Targeted biopsy of the prostate: does this result in improvement in detection of high-grade cancer or the occurrence of the Will Rogers phenomenon?BJU Int 2019BI
To investigate whether patients with Gleason 3 + 4 cancer on transrectal biopsy are upgraded after undergoing transperineal magnetic resonance imaging (MRI)-targeted biopsy and whether this has implications for current clinical practice.
PATIENTS AND METHODS
In this retrospective analysis we examined 107 consecutive patients presenting at a single tertiary referral centre (July 2012 to July 2016) with prostate cancer of Gleason score 3 + 4 on transrectal ultrasonography (TRUS)-guided systematic non-targeted biopsy who then underwent a multiparametric MRI followed by MRI-targeted transperineal prostate biopsy for accurate risk stratification and localization.
The patients' mean (sd) age was 67.0 (8.0) years, and they had a median (interquartile range) PSA concentration of 6.2 (4.7-9.6) ng/mL. Of the 107 patients, 84 (78.5%) had Gleason 3 + 4 on both transrectal systematic biopsy and transperineal MRI-targeted biopsy. Nineteen patients (17.8%) were upgraded to Gleason 4 + 3, three patients (3.0%) to Gleason 4 + 4 and one patient (1.0%) to Gleason 4 + 5. These differences were significant (P = 0.0006). Likewise, 23/107 patients (22%) had higher-risk disease based on their targeted biopsies.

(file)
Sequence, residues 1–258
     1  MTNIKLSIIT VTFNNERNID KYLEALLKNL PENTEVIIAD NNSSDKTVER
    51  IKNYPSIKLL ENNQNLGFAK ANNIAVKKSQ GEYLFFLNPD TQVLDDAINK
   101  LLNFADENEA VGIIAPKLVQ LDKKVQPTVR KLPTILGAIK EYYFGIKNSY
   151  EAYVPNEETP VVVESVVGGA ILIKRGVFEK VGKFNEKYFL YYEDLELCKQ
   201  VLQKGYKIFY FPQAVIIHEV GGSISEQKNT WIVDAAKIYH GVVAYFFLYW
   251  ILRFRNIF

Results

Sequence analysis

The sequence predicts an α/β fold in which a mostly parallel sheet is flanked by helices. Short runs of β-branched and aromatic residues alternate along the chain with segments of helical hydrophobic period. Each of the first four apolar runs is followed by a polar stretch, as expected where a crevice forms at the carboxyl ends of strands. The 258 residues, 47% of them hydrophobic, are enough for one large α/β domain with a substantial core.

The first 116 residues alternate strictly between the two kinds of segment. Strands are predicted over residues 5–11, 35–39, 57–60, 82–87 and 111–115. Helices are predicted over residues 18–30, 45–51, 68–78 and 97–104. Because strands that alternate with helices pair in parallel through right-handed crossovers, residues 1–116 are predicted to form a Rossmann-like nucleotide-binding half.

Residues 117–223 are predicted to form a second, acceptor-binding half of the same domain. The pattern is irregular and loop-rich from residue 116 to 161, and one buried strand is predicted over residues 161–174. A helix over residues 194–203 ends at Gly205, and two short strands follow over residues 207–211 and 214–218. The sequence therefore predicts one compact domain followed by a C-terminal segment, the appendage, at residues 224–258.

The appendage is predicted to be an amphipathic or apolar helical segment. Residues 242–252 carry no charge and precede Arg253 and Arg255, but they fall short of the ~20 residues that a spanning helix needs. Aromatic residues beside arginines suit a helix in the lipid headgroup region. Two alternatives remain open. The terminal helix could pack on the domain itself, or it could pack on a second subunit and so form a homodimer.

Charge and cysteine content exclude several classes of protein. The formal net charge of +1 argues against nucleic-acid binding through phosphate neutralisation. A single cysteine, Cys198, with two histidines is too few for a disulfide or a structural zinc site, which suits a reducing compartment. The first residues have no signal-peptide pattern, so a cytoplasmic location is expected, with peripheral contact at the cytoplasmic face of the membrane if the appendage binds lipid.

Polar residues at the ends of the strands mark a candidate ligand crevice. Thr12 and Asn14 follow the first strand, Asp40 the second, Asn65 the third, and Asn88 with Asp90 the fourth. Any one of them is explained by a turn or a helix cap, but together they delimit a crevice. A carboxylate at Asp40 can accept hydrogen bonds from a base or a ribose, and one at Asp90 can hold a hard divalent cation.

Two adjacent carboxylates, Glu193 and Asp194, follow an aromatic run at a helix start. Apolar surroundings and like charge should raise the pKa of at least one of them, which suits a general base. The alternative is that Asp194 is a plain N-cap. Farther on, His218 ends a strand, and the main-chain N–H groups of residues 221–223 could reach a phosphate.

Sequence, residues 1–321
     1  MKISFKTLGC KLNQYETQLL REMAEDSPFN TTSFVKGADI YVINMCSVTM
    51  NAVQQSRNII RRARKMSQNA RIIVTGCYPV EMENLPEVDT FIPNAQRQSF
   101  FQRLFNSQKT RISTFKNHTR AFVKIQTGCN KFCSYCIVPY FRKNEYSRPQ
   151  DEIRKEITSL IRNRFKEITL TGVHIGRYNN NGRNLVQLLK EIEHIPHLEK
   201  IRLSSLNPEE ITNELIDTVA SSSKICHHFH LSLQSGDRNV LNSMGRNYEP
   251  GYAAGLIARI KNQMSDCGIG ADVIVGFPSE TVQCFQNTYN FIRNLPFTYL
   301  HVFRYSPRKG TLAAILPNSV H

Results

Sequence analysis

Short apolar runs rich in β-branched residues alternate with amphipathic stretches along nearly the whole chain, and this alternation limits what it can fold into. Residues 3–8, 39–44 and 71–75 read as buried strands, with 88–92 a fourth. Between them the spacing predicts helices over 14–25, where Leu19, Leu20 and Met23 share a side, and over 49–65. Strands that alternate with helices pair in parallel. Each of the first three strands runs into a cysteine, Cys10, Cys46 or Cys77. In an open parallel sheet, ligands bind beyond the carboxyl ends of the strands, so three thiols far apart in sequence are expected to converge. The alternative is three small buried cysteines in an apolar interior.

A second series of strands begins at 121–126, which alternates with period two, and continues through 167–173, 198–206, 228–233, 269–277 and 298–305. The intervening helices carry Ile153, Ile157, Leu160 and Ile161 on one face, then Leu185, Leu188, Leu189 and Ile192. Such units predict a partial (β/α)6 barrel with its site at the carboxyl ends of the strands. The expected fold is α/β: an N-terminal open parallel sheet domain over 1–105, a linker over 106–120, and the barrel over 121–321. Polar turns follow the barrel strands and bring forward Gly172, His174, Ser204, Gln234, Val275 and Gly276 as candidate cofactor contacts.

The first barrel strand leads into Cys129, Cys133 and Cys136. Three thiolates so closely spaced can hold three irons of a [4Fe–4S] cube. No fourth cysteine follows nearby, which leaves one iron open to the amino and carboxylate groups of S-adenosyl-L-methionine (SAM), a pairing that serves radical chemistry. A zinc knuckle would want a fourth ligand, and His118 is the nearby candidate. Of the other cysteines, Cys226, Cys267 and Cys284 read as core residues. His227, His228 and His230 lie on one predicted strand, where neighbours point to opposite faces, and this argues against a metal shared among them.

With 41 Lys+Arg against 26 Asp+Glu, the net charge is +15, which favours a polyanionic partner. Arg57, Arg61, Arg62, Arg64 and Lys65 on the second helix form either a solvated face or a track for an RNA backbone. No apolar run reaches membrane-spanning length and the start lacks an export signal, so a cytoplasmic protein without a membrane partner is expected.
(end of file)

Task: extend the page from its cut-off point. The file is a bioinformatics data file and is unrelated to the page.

The use of targeted biopsy in men with impalpable cancer, ultimately upgraded one in five patients from favourable-intermediate- to unfavourable-intermediate-risk disease or worse. This has significant clinical implications for men considering active surveillance or radical treatment. Our risk calculators must now be validated using these data from targeted biopsy as the technique becomes widely adopted.